- 73: India’s ranking, just above Kyrgyzstan, in a study of 74 countries on maths, science and reading
- 90%: Students in Himachal Pradesh who lack baseline reading literacy, 89 per cent lag in science
- 60%: Students in India’s top private schools show lack of sensitivity towards AIDS victims
- 10%: The drop in arithmetic ability nationally of Class V children in rural areas
Which of the following is true: nearly 10 per cent of Class 4 students in top urban Indian schools believe that Mahatma Gandhi is alive. In Tamil Nadu, only 15 per cent students in the 15-year age group are skilled in maths. About three-fourths of Class 3 students in rural India can’t solve two-digit subtraction problems.
All true. How did you score?
Three recent reports—Pratham’s Annual Status of Education Report (ASER), the Programme For International Students Assessment (PISA) and the Quality Education Study (QES) by Wipro and Educational Initiatives—serve a gloomy, telling reality check, busting some long-held stereotypes about the strengths of Indian students. The smart Indian techie, the world-beating Indian students at spelling bee contests and math quizzes, the brainy, high-IQ geniuses at Ivy League colleges, are they all a thing of the past? The new breed seem to portend a horrifying tale: not only are our kids not getting any smarter, they actually seem to know less than their peers from a few years ago.
Consider this: in the top 89 urban schools across the country, the QES report says, there has been a 5-10 per cent drop in learning levels in the last few years in math, science and reading literacy. The PISA report, which conducted an extensive study among 4,800 15-year-olds in the high-literacy states of Tamil Nadu and Himachal Pradesh, is even more grim. Among 74 countries—including the US, UK, Canada, China, Korea, South Africa—Indian students rank second to last, at 73rd position, just above Kyrgyzstan. This, despite a high enrolment rate of nearly 97 per cent, the Right to Education being in place since 2010, propped up by a wave of progressive schools and teaching tools. “I know a lot of people who’re up in arms saying these reports are not valid, but why can’t we just accept that there is something seriously wrong with the way we’re teaching?” wonders Maya Menon, director, The Teacher Foundation, an organisation that looks at enhancing teaching techniques. The system is dumbing down our children, undermining their capacity to learn, breeding a whole lot of boredom in classrooms, she feels. HRD minister Kapil Sibal admits as much. “What we need is a paradigm shift in the way we teach and the way children learn,” he says.
|“We don’t have a clear vision. We are merely tasting new flavours, not changing anything fundamentally.” Maya Menon, Director, The Teacher Foundation||“What we need is a paradigm shift in the way that we teach as well as in the way that our children learn.” Kapil Sibal, HRD minister|
|“The IT-MBA boom’s taken the best students from science, maths. India has very little cutting-edge research today.” S.R. Srinivasa Varadhan, Professor of Mathematics, NYU||“Just setting up more schools and spending money will not bridge the fundamental gap. We need to set standards.” Rukmini Banerji, Director-Programmes, Pratham|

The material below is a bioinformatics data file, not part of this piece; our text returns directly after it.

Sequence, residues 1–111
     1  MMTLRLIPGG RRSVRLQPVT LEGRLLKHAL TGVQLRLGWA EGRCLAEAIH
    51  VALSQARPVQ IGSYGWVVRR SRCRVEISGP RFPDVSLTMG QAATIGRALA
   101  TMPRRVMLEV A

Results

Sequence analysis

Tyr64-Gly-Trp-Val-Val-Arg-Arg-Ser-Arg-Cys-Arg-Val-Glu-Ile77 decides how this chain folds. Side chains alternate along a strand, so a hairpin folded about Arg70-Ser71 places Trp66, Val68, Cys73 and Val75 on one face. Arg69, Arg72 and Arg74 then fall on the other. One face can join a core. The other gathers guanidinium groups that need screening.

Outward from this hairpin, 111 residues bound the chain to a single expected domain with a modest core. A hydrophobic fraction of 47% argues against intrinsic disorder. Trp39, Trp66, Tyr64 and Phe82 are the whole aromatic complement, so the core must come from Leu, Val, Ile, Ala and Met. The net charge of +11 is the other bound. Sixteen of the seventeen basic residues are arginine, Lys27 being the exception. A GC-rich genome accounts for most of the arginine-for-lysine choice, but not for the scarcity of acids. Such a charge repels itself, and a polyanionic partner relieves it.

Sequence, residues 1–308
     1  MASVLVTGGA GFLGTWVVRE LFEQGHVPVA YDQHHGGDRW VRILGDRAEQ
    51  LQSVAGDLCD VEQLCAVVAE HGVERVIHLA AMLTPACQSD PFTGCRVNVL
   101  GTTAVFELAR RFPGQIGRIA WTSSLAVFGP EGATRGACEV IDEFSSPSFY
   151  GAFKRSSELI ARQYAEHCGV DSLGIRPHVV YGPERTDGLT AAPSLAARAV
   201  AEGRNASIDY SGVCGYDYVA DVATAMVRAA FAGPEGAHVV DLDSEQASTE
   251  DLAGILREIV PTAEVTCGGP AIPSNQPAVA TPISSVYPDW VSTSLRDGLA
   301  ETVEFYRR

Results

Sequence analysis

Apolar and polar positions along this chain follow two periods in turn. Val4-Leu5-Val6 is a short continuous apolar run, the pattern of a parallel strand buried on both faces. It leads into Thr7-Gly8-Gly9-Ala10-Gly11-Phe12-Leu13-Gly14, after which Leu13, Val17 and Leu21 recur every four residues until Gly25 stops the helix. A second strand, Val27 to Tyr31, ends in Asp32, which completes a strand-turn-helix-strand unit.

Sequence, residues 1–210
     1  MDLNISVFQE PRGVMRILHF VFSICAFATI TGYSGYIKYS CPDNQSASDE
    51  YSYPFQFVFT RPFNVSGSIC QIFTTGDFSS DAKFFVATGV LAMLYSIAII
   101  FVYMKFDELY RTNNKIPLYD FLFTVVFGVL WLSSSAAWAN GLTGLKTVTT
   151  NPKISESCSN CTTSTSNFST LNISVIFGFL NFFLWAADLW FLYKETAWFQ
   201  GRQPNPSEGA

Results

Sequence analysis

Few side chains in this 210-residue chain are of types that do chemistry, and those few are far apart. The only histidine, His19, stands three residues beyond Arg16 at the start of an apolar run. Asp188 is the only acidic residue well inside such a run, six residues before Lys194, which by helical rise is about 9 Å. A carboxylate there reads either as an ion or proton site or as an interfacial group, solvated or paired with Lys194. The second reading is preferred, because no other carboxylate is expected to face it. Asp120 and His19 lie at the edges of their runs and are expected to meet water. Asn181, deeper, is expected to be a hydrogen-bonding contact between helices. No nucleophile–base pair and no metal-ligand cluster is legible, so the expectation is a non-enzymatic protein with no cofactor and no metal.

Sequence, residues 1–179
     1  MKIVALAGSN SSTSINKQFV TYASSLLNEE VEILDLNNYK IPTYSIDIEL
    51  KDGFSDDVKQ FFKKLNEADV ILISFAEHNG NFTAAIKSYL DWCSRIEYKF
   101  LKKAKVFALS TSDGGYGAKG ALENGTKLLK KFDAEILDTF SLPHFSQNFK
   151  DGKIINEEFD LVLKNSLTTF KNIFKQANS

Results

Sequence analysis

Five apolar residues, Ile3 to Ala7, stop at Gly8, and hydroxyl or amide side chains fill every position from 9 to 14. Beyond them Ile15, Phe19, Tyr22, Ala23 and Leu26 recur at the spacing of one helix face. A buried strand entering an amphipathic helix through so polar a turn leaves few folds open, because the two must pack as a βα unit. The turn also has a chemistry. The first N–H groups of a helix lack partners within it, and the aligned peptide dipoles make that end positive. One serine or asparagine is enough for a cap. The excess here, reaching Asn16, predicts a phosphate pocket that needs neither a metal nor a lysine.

|“Students today need to work twice as hard to achieve the same results students did a few years ago.” Anand Kumar, Founder, Super 30||“A lot of exciting work is happening on the ground. The use of technology in classrooms looks promising.” Shantanu Prakash, Founder, Educomp|
The issues are not new, but the paradox looms larger than ever. India has one of the world’s youngest populations, it is poised to become the knowledge engine of the world to China’s manufacturing mettle—this is what we are led to believe. But can the new generation fill those shoes? These findings impart a new urgency and depth to our understanding of India’s education crisis. “The average Indian kid has greater ambition, greater access to information, greater aspiration and is far more secure,” says Giri Balasubramanium, founder, Greycaps, a quizzing company. But our classrooms have failed to match up to that challenge, or channel that swelling ambition. “We don’t have a clear vision as far as education is concerned. Rote learning continues to thrive in our best schools, and even while we’re trying out new methods of teaching, it’s like tasting new flavours, not changing anything fundamentally,” says Maya Menon.
There have been a few tentative steps in the recent past. Apart from the Comprehensive Continuous Evaluation (CCE) that is already in place in many schools, last week the move for a single engineering entrance test was announced, to try and tweak the nature and frequency of exams. But are these changes radical enough to stem the rot that appears to have set in at the very core of education? “It’s our legacy of 60 years,” says Sibal, “and it can’t change overnight. It’s a very complex issue.” There’s also the challenge of age-inappropriate textbooks, unimaginative teaching and a 1.2 million shortfall of teachers. “The impact of the rte will be felt only after 5-7 years. The state of education is essentially at the doorstep of state governments, they haven’t invested enough in it over the years,” adds Sibal. “We must ensure the quality of government schools matches that of private schools.”